This is a trashy tale. An tale of the refuse that leaves my house….besides this blog.
I’ll preface this by saying this is purely an anecdotal tale, based purely on observation, nearly non-existent research, and lots of speculation.
As with many of the posters on the Internet, I don’t have a lot of time to devote to digging for answers.
I’m also lazy and illiterate in the local language. Which probably also applies to many things written on the Internet.
I don’t know quite why, but I’ve been tuned into what happens to my trash since I got here. Maybe, because I’m surrounded by so much garbage, maybe because the system seems so efficient and horrifying at the same time.
This is the cycle of trash as I see it.
The yards in most homes in Jakarta are walled and somewhere in the wall closest to the street is a 2’x2′ metal door that leads to a 3×3 foot concrete box. Some of these boxes have lids, some do not. Mine does but it’s rusted open.
It’s into this concrete box that all my secret Asian trash flows. Paper, glass, plastic, food scraps, yard waste. If we don’t want it, that’s where it goes. If it’s been a busy week, the box overflows. If not, it fills half the box.
Once a week or so, a man comes. I think that I pay him $1.50. He unlocks the door crawls through the 2’X 2’ door and pulls out all the trash.
This is where the first sort takes place. High value items like glass, metal, discarded gold bullion are taken here. I know this because our pembantu has asked us to presort this stuff. Cardboard is also valuable. So much so that she keeps this and has her friend come get this separately. Yard waste is cleaned out of the box and piled on the curb outside. Everything else is re-bagged and hauled away.
The yard waste sits on the curb for an undetermined amount of time. Someone must come for it, because the pile ebbs and flows. Some must rot, some definitely blows down the street.
The bagged trash is taken down the block It is piled in the shadow of, and downwind from, a gleaming new office tower. This is where the next sort takes place. Extraneous food and food just beyond its use by date is taken by people. That deemed unfit for humans is left for the rats. What the rats don’t get, is left for the dogs and the cats. That is the animal hierarchy in this concrete jungle. What the animals don’t eat rots in the sun.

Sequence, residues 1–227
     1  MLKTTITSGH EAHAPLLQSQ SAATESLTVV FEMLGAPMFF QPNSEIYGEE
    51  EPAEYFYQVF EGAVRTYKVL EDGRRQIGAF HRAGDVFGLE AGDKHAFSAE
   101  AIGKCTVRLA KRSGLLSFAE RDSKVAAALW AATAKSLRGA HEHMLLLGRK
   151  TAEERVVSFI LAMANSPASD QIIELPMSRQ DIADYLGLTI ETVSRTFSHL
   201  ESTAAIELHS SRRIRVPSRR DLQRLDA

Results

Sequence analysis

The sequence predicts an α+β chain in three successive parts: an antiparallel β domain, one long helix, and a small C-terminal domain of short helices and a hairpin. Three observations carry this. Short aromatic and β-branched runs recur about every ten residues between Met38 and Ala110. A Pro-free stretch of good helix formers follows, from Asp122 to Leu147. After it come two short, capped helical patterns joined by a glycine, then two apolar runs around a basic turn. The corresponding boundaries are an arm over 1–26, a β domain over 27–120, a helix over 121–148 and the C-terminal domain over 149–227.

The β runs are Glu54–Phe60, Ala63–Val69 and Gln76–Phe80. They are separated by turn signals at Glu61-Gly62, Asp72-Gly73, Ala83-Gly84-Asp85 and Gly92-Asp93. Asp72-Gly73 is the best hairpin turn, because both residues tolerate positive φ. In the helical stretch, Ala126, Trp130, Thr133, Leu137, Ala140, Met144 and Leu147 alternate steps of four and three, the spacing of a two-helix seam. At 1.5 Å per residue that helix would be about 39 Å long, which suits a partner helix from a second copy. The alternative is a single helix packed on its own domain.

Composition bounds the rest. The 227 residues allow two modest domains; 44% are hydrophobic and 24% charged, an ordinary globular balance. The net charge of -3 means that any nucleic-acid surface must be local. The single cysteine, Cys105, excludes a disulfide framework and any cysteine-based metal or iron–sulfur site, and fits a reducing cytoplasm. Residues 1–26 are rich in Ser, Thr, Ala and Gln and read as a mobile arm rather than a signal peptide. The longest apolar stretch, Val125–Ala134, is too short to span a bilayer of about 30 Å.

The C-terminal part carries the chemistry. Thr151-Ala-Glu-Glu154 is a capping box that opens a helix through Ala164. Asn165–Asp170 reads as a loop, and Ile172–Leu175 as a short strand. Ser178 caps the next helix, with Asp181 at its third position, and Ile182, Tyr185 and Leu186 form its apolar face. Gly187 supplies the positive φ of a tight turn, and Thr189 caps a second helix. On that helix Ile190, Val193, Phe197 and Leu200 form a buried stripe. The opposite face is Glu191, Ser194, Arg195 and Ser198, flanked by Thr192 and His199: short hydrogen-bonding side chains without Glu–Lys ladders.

Paper is separated from the good plastic. Plastic like cups and bottles is good plastic. That is all taken and recycled by whoever gets there first. The, now often opened garbage bags, filled with unusable things like plastic bags and cellophane are sometime piled, but mostly they are strewn there on the road. Winds come and blow it down the street.
Once every week or two, someone comes along and scrapes what is left of the piles into a large dumpster and hauls it all away to who knows where. It is lost to me.
The yard waste and plastic waste that has blown away down the street ends up in two places. Neither of them are good.
Some of it blows into drainage ditches, which lead to canals, which leads to rivers, which leads to the sea. It blocks at choke points and stops the whole city up. It is a major cause of seasonal flooding. There are men whose job it is to clean up plastic from these choke points 24 hours per day. For if it’s ignored, the city will drown.
The other place the wind borne detritus ends up, is the curbs and gutters where it is swept up daily by
neighborhood street sweepers into nice neat and tiny piles and promptly set alight into illegal fires.
Flying in over the city one can spot thousands upon thousands of these tiny fires spewing blue, carbonized plastic smoke and filth into the air. Nanometer sized particles are inhaled by the millions of us who neglect to wear a mask likely accumulating in our lungs, blood streams and end organs, saved for further disposition until our likely untimely deaths. .
See what I mean? Plastic to ashes, ashes to dust. It is totally efficient.